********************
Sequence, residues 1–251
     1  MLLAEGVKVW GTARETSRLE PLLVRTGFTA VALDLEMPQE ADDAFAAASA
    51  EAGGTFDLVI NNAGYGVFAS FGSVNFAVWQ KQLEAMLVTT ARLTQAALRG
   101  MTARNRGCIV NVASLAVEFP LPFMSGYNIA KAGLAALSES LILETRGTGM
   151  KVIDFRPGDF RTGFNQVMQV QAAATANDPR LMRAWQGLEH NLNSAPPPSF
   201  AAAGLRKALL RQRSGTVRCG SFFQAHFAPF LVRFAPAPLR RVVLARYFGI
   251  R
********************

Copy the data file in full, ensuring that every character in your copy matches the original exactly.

Sequence, residues 1–251
     1  MLLAEGVKVW GTARETSRLE PLLVRTGFTA VALDLEMPQE ADDAFAAASA
    51  EAGGTFDLVI NNAGYGVFAS FGSVNFAVWQ KQLEAMLVTT ARLTQAALRG
   101  MTARNRGCIV NVASLAVEFP LPFMSGYNIA KAGLAALSES LILETRGTGM
   151  KVIDFRPGDF RTGFNQVMQV QAAATANDPR LMRAWQGLEH NLNSAPPPSF
   201  AAAGLRKALL RQRSGTVRCG SFFQAHFAPF LVRFAPAPLR RVVLARYFGI
   251  R